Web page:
Marc Leishman's emotional win only reinforces what really matters
When I caught up with Marc Leishman on Monday, the affable Australian was still at the vacation apartment he rented in Orlando. In the background, his two sons continued to be wound up over what their dad did a day earlier at the Arnold Palmer Invitational.
“The boys are pretty happy seeing themselves on TV,” Leishman said above the commotion being made by 5-year-old Harvey and 3 1/2-year-old Ollie. “It’s been a good morning. I’ve sort of been floating around, still buzzing. This was a big week for us.”
Attempting to quiet the boys was Leishman’s wife, Audrey. Instead of running across the 18th green at Bay Hill, she let her sons have the honor. It was a joyful scene.
There were times nearly two years ago, during those dark days when Audrey was in a medically-induced coma for toxic shock syndrome, that Leishman played videos of Harvey and Ollie—hoping Audrey could somehow hear their voices. Fearing that his boys would grow up without their mother, he contemplated retirement.
“That was the first time they were there for a win,” Leishman explained of Sunday at Bay Hill. “Harvey is definitely old enough to know what was happening. Ollie was just happy to run out on the green. When I saw them come out, I hoped that I had actually won. It turned out to be enough.”
Leishman, 33, admitted that moment was a bucket list item for him. At Augusta National he will get to experience another. Harvey and Ollie are scheduled to caddie for their father in the Par-3 Contest, at a tournament where their dad has played well. Leishman finished T-4 playing in the final grouping with Adam Scott in 2013, when his countryman won the green jacket. He wasn’t exempt this year prior to one-putting the final three greens at Bay Hill for his second career victory.
“I was actually looking at rankings earlier in the week,” he told me. “I thought I had to finish third or better, and I got the better part. It’s nice going back to Augusta for a lot of reasons. It’s never fun missing a major.”
The Bay Hill victory was popular among the Aussies that knew Leishman as the son of a bricklayer from windy Warrnambool on the Shipwreck Coast that would either take the train or ride in the back of his father’s Ford Fairlane to the Victorian Institute of Sport in Melbourne. His dad, a scratch golfer who once lost to his son in a club championship, honed Marc’s skills by playing matches against Marc’s worst ball. If there were any signs of ego, they were squashed by the town where Marc came from in Victoria.
“Like I said in the media tent at Bay Hill, I want to be remembered as a really good person that’s also a good golfer, not the other way around,” he said. “I’m a dad first. Everything else comes after that.”
Those qualities struck Audrey when they met while Marc was Monday qualifying for a 2007 Nationwide Tour event in Williamsburg, and they're ultimately why she married him. There was no greater expression of that love than those eight days in intensive care at Sentara Virginia Beach Hospital, with the 2015 Masters playing on a TV screen, the mute button on.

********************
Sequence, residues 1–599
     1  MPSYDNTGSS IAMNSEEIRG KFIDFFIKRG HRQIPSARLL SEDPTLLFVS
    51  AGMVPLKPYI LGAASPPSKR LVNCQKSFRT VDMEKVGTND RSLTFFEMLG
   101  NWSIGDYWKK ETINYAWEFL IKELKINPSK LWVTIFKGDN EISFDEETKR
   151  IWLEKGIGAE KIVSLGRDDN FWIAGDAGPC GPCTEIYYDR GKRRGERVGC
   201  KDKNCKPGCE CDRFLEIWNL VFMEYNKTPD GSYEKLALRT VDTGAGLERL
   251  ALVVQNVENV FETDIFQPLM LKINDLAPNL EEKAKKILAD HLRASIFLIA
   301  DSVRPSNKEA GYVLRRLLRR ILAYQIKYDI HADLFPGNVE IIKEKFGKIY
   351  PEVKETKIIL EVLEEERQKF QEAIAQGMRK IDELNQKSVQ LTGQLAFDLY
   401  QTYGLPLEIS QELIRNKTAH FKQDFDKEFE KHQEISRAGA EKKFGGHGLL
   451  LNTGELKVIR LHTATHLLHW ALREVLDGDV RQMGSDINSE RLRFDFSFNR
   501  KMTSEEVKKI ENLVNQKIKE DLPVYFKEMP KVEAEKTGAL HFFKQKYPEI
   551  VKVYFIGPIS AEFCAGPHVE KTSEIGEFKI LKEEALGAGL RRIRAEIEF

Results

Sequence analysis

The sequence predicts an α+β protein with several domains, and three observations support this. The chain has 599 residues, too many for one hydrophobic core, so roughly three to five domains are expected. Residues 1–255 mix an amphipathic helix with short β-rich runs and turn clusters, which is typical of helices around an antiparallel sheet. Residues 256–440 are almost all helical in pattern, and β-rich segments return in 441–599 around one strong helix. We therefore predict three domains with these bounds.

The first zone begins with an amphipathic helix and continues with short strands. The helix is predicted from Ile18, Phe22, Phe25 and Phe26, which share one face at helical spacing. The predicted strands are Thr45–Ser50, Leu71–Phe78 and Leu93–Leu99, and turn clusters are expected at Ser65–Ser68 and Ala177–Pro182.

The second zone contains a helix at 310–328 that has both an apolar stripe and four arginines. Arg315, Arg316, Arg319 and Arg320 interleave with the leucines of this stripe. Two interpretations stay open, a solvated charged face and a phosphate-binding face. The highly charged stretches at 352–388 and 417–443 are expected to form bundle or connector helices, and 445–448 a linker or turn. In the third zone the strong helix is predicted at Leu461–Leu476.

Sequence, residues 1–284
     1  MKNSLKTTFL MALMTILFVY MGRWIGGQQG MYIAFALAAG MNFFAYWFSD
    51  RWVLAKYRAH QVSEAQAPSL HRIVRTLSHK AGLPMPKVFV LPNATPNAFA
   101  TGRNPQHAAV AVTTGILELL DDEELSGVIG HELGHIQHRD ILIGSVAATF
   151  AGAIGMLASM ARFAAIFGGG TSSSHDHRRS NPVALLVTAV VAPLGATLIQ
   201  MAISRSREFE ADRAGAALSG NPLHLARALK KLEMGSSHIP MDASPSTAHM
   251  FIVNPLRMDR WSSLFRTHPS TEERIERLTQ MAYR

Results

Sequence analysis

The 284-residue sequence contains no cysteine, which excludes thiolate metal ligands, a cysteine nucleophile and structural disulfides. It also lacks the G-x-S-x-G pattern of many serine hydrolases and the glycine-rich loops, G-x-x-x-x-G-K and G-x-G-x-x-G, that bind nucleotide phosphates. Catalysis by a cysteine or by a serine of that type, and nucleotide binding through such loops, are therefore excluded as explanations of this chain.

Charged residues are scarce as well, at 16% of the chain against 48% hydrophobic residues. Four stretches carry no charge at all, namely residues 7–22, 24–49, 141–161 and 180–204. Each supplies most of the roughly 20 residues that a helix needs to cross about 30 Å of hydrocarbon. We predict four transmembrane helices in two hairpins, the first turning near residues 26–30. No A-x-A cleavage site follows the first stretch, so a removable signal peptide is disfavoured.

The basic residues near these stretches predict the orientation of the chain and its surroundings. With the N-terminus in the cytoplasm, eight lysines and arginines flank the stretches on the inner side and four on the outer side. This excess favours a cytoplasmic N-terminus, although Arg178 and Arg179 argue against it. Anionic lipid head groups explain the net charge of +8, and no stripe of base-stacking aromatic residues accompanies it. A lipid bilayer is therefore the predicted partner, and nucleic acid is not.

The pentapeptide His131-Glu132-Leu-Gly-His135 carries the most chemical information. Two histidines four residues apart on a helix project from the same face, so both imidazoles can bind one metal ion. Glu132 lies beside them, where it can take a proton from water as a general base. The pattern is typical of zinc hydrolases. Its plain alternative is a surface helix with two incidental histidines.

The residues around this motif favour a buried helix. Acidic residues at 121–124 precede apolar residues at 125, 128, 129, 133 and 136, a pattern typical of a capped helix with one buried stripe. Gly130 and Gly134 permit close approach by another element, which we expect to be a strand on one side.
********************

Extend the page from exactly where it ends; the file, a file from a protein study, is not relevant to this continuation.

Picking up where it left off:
“Obviously golf is very important to me,” Leishman continued. “I want to do that well, but the other stuff is more important because it can be taken away from you at any time, without any warning. Living through that makes you appreciate it a lot more.”
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Leishman wasn’t able to focus on his career until Audrey was released from the hospital. Three months later he lost a three-man playoff in the Open Championship at St. Andrews. Another three months later, he beat Jordan Spieth in Presidents Cup singles. That December he beat Henrik Stenson to win the Nedbank Challenge in South Africa.
“The biggest thing with Marc and being who he is was being comfortable to leave Audrey and go and play,” said Leishman's coach, Denis McDade. Technically it was not hard work to find his comfort zone. That's because Leishman’s swing hasn’t changed much from the day he started working with McDade at the VIS. “I don’t practice a lot on my days off, I never had, and I think that really helped me,” Leishman says. “If I was a grinder and needed a lot of practice, I think it would have affected me.”
Will coming off a win affect Leishman in this week’s WGC-Dell Technologies Match Play Championship? In the draw he ended up in one of the tougher brackets with the defending champion Jason Day, Lee Westwood and Pat Perez. His path has cleared a bit with Day's withdrawal on Wednesday, and a first day win over Westwood.
“[Coming off a win] I think it’s easier to refocus match play you only have to worry about one person,” he says. “I feel like playing the week after a win, which I’ve only done it once, it’s hard to pull yourself back down to earth. This is one of those things where you have to play good or you’re home Friday night. I’m looking forward to it. I hope to kick off good form and see where I end up.”
No matter where he ends up, Leishman is in good form. His wife is healthy, his boys are with him in Austin, he’s going back to the Masters, he’s got Arnold Palmer’s red cardigan in his golf bag and, in May, he and Audrey host a pro-am benefitting the charity they formed for victims of toxic shock called “Begin Again.”
They are off to a great start.